Take the 2-minute tour ×
Stack Overflow is a question and answer site for professional and enthusiast programmers. It's 100% free, no registration required.

I'm in a worker thread and want to sleep for a specified period of time (usually a few hundreds milliseconds), but the sleep should be interruptible. Here is what I have come up with

void DummyScope::sleepForSamples() {
   if(m_sampleSleep < 100) {
      MySleeper::sleep(m_sampleSleep);
      return;
   }

   // sleep in periods of 100 ms, to be responsible for shutdown requests      
   qint64 t = QDateTime::currentMSecsSinceEpoch();
   qint64 end = t + m_sampleSleep;

   while(t + 100 <= end) {
      MySleeper::sleep(100);
      t = QDateTime::currentMSecsSinceEpoch();

      // TODO: check here whether we are interrupted
   }

   if(end > t) {
      MySleeper::sleep(end - t);
   }
}

However that looks a bit convoluted and I wonder whether there's a better way to do this. Is using a QWaitCondition with a timeout-wait a better solution?

share|improve this question

3 Answers 3

up vote 2 down vote accepted

'Is using a QWaitCondition with a timeout-wait a better solution?'

Yes!

The sleep() loop, apart from needlessly running every 100ms, has an average 'interrupt' latency of 50ms.

share|improve this answer
    
Can you give a rationale/some background please? Things like wait conditions and mutexes sound like heavy POSIX stuff. In contrast, in my loop there are only basic sleeps. –  Johannes Schaub - litb Apr 5 '12 at 12:08
    
You don't need any mutex to just 'if QWaitCondition::wait(timeout)'. –  Martin James Apr 5 '12 at 12:16
    
@JohannesSchaub-litb I think it is because with a timer, your process never wakes up, instead it is the OS scheduler that detects when your process needs to be interrupted. Also, this has a better latency, with your loop, there will be an average latency of your timeout/2 before you wake to process an event. –  sashoalm Apr 5 '12 at 12:17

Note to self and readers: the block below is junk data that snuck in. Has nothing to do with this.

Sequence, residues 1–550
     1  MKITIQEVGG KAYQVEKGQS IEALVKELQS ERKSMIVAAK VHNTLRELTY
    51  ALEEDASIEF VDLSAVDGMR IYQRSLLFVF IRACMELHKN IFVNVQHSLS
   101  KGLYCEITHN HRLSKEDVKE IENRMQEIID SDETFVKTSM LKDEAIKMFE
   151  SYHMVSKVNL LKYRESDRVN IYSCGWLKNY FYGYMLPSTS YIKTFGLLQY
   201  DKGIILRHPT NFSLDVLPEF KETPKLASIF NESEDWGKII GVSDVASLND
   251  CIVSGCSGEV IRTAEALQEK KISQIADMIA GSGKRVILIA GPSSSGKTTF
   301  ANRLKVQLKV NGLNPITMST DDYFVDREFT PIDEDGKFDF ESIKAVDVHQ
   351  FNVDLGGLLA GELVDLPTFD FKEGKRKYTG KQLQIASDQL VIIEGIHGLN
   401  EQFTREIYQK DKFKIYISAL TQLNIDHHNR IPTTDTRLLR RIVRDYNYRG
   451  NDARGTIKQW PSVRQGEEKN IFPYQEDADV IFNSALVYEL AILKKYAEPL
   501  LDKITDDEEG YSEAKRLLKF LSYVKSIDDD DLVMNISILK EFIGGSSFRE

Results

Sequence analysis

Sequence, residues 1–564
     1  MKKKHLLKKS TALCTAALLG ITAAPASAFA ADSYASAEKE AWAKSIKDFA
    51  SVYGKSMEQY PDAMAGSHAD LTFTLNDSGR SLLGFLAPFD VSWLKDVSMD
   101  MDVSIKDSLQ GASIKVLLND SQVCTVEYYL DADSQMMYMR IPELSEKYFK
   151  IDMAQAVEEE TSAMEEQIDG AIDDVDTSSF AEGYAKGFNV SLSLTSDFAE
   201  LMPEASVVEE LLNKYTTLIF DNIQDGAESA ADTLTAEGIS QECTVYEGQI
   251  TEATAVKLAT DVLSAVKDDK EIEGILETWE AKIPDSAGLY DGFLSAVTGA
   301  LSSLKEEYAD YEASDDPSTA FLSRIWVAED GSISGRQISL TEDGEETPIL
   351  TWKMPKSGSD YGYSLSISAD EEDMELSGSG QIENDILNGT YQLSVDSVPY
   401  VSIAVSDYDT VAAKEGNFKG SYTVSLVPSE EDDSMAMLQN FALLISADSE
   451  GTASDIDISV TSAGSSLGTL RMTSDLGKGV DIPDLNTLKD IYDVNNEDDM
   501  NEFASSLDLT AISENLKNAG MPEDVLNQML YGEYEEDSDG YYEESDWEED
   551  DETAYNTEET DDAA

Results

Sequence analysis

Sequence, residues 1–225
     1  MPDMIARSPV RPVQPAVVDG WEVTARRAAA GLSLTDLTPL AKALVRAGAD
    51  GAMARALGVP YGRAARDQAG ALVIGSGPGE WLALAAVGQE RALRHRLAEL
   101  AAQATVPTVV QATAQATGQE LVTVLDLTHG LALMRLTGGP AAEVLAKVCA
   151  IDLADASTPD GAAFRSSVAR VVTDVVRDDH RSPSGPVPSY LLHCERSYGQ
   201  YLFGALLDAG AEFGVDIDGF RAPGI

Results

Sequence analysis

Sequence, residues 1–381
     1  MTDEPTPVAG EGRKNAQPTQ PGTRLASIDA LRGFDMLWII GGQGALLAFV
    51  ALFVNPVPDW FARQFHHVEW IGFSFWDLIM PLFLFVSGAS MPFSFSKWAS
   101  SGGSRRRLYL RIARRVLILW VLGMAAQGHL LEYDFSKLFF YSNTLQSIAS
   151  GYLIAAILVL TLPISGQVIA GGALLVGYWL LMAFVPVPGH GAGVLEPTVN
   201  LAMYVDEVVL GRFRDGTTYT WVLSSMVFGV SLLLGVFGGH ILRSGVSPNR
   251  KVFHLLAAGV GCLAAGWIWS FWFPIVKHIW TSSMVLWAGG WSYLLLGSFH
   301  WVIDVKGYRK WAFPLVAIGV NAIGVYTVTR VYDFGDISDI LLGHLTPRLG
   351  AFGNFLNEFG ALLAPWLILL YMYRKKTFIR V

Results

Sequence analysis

@JohannesSchaub-litb: do you mean heavy from a performance point of view or from a library/code point of view? –  stefaanv Apr 5 '12 at 12:25
    
@MartinJames: library.maemodocs.nokia.com/fremantle/index.jsp?topic=/… shows that you do need a mutex. –  stefaanv Apr 5 '12 at 12:26

Definitely wait on a condition variable and let the accompanying condition tell you why you were interrupted.
If you don't have to use QT-threads, c++11 and boost let you add a predicate to wait_for/timed_wait, so spurious wakeups don't mess with your timeout.

Of course, it is even more convienent if you can go 1 step further and don't bother with a timeout (if the condition variable can handle all cases).

share|improve this answer
    
@JohannesSchaub-litb: I only just found out about the predicate passing in boost/c++11 (if that is the the spurious wakeup thing that you ask). Qt (and other implementations I know of) don't have it. –  stefaanv Apr 6 '12 at 9:02

You can wait directly on the mutex with QMutex::tryLock(int timeout), if you lock and unlock it from another thread.

share|improve this answer

Your Answer

 
discard

By posting your answer, you agree to the privacy policy and terms of service.

Not the answer you're looking for? Browse other questions tagged or ask your own question.